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Thursday, February 22, 2007

More Martha Mail

In an earlier post, I mentioned that I'd received an unnecessarily nasty letter from Blueprint, a magazine that's part of the Martha Stewart group. I recently received this letter from Martha Stewart Living, asking me to renew my gift subscription.

The tone (and visual style) is completely different.

"Dear Friend,
I just spotted your name on a gift subscription list marked “expired.” Perhaps we’re being a bit sentimental. But to us, you’re more than just a subscriber. You’re a vital part of the MARTHA STEWART LIVING family."

So to begin, they call me "friend" and use the word "family." Next they tell me how smart I am to be receiving MSL, and congratulate me for helping them become successful.

"... It’s the special qualities within you, your eye for beauty, your quest for quality living, your devotion to home and family, that has provided the ground for MARTHA STEWART LIVING to grow...."

Note the friendly language that also implies needed action on my part without being pushy:
"So naturally, we’d hate to see your subscription expire. And that’s going to happen if we don’t receive your renewal instructions shortly."

Then they list specific things I would miss if I let the subscription expire:
"That means an end to all the marvelous recipes... gardening know-how... decorating tips... But if you act now, you don’t have to miss a bit of it."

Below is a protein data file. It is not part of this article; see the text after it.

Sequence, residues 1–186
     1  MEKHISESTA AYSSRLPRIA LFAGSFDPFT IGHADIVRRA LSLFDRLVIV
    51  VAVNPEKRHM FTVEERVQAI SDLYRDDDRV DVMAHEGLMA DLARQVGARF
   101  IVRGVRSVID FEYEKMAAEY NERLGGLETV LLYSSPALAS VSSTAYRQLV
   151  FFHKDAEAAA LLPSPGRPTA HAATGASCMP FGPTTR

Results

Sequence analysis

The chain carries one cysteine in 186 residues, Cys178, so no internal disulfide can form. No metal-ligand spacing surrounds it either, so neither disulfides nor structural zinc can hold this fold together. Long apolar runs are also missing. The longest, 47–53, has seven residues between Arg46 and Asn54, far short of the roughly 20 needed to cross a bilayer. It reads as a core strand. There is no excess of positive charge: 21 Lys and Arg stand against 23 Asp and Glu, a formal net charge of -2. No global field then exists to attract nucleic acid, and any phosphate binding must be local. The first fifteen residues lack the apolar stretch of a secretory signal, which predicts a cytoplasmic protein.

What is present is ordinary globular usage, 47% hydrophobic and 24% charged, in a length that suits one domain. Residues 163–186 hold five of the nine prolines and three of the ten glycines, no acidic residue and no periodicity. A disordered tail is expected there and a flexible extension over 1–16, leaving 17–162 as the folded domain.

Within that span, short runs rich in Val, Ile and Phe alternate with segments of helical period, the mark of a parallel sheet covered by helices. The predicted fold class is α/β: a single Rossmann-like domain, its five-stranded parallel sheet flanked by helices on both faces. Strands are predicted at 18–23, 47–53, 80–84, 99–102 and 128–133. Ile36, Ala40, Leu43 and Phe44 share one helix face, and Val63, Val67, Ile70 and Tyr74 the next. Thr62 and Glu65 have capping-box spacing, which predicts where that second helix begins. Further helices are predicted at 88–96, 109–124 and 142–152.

Night and day from the Blueprint letter, both from the same company.

Tip of the day: Creating a consistent voice for your company or organization is critical in customer communication. You can communicate urgency while still being polite. And it helps to list benefits for people to encourage them to act in your favor.

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Tuesday, February 20, 2007

8 steps to better experiences, part 2

In my last post, I mentioned that Adam, who writes a great blog called Work*Play*Experience asked, "Where can we find your full 8 steps, Stephanie?"

I'd been waiting to discuss them in detail until my new Web site was up. Here's the link to my 8 steps, with a slide show to illustrate them.

The first four steps are:
1. Invitation
2. Welcome
3. Orientation
4. Comfort

These four steps prime your customer (visitor, patient, or guest) to be receptive to your message, buy your products, or engage in your offerings. Let's look at steps 5-8.

5. Communication: All the ways you share information with people, both spoken and written. I recommend that you set a tone and voice for your communication that matches your organization/company's brand personality. Setting guidelines for signs, flyers, and handouts, as well as telephone scripts for training, are key ways to help clarify and coordinate the information you are giving out. See Gettin' fishey wid it on voice, and this post on printed communication.

6. Sensation: Sensation includes designing experiences that provide stimulus for all five senses, utilizing surprise and randomness, and generally having fun at the workplace. When planning new elements, ask "Is it fun?", Is it unexpected?", and "How can we add more senses to this experience?" See this post on Cheez-Wiz and the power of persuasion, and this one on the Cerritos Library.